A Trick from the 20th Century That Actually Works!

I needed a reliable moving company a couple of years ago. So I contacted two local movers that came highly recommended.

One of them sent me an impersonal estimate over email. The quote was reasonable, and they looked to be very reputable.

The other handled the inquiry a bit differently. They didn’t send quotes via email. Instead, they scheduled a time for one of their reps to do an on-site quotation.

The guy showed up on time. He was very courteous and got right to the chase. He asked me direct questions about what we were looking for, what we needed moved, what we wanted to move ourselves. That sort of thing.

Then he took five minutes to explain why they’re different from most moving companies … and why that matters. He kept this part of the conversation relevant and low-pressure. He didn’t spew out a canned sales pitch. Instead, he focused on what he knew I cared about (which he understood because he had asked me a few good questions earlier).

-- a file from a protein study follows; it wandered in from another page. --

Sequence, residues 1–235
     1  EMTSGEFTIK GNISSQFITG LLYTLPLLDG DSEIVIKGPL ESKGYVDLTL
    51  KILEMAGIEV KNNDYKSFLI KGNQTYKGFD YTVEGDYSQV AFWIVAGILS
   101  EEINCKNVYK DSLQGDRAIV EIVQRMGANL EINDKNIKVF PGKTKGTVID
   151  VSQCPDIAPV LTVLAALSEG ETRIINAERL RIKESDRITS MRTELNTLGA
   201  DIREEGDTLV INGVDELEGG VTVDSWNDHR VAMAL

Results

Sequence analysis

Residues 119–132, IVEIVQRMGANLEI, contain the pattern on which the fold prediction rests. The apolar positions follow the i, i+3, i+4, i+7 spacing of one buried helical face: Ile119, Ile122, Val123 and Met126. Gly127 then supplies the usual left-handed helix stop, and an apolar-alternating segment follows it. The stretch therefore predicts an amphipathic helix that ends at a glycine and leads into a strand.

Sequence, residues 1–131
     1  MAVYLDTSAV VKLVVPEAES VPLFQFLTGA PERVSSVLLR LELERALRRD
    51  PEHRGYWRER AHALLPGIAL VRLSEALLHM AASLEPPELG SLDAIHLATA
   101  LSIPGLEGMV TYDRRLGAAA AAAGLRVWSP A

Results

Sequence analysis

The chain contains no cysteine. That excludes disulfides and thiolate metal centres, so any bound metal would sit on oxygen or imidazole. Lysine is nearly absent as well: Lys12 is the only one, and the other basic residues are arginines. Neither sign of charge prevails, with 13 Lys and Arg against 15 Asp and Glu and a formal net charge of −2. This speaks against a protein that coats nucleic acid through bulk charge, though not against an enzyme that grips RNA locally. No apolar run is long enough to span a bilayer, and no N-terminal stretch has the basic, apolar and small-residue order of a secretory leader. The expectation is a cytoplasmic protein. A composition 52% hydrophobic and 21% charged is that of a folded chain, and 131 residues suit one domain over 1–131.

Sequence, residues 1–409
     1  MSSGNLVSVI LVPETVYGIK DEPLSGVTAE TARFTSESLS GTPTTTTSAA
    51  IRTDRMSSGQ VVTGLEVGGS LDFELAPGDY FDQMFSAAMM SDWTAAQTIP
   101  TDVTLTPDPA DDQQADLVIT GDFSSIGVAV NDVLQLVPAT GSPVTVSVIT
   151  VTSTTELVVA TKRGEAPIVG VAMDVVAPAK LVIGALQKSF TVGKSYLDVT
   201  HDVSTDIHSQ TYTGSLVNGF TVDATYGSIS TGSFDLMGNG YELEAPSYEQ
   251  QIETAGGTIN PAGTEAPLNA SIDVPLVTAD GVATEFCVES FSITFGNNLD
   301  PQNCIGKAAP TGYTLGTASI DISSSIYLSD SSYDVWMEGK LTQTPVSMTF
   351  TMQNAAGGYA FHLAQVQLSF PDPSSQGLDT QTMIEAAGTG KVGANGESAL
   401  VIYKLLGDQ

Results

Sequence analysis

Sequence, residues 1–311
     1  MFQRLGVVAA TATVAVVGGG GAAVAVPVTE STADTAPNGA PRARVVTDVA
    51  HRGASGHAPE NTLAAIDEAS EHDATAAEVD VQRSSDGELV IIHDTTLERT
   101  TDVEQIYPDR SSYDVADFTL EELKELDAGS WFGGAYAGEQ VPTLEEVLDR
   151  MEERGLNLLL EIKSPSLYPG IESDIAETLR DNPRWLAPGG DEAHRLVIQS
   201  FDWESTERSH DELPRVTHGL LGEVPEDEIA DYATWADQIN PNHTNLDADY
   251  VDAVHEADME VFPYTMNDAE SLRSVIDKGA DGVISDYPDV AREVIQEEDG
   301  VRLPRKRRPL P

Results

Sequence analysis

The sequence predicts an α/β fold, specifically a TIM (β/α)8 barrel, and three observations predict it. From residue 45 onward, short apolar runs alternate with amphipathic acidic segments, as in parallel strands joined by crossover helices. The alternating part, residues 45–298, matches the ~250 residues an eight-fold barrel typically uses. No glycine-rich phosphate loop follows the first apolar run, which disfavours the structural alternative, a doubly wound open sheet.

When he was done, he asked me if I had any questions or concerns. Then he promised to send me an estimate by the end of the next business day. And he made good on that promise.

Well … his quote turned out to be a bit higher than the other company’s. But guess which mover I went with?

As freelance writers, it’s easy to believe the story that clients hire us mainly for our writing chops. Or that it’s all about the price. Or that our website will do all the selling for us.

Yes, your website is incredibly important. It can help pre-sell your prospects to a certain extent.

But once they express interest and contact you, there’s nothing like getting that client on the phone to have some real dialogue.

Not email. Not IM. Not a private message via social media.

The phone.

These introductory calls don’t have to be long. Twenty or 30 minutes is plenty of time to better understand what the prospect needs and how you can help them.

Take the time to have that conversation. Because in a world where most other service providers strive for digital efficiency, the human touch is more important than ever.

Remember: They’re not buying your writing. They’re buying YOU.

 

 


Post Categories: Getting Clients

Leave A Reply (10 comments so far)

  • Robyn Conti

    Ed, this is a great post, and a solid reminder about adding “a little of that human touch” to all interactions. Connections and relationships are so important. I preach this all the time to anyone who’ll listen like it’s the gospel! Thanks for the story and the awesome advice.